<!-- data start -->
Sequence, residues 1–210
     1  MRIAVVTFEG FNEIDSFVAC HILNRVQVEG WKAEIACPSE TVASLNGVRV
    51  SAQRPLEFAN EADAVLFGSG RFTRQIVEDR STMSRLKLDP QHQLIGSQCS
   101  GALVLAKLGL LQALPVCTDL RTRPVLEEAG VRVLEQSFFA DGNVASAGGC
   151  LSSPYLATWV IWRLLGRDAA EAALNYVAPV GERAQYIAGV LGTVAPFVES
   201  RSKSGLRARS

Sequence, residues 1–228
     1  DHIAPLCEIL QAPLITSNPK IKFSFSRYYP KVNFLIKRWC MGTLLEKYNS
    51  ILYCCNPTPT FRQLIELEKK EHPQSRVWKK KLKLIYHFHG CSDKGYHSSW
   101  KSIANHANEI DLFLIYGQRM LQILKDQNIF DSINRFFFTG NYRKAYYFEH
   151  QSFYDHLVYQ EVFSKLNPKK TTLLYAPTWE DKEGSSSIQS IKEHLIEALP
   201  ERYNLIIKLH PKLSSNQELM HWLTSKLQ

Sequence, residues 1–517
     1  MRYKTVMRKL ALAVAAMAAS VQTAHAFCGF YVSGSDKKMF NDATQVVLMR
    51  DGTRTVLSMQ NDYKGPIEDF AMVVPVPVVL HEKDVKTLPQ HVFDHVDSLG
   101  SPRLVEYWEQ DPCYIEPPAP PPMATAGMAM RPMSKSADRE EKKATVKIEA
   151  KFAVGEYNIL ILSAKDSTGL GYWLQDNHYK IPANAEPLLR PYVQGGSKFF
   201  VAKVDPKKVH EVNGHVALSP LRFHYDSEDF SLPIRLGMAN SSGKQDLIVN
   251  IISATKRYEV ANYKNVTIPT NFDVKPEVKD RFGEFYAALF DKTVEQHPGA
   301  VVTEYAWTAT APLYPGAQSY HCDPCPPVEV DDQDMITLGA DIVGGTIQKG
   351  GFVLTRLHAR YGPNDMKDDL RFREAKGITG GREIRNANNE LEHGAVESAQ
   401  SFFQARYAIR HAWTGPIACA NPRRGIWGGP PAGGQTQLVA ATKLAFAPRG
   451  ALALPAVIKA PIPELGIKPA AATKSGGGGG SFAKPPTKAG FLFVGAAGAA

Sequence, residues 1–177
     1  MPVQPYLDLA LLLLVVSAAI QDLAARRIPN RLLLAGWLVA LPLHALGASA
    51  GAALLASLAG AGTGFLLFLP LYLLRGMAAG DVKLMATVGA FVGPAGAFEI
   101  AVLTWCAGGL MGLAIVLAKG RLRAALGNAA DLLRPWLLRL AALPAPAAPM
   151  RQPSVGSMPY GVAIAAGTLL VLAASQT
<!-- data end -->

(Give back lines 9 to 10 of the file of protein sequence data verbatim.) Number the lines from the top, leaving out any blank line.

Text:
    51  ILYCCNPTPT FRQLIELEKK EHPQSRVWKK KLKLIYHFHG CSDKGYHSSW
   101  KSIANHANEI DLFLIYGQRM LQILKDQNIF DSINRFFFTG NYRKAYYFEH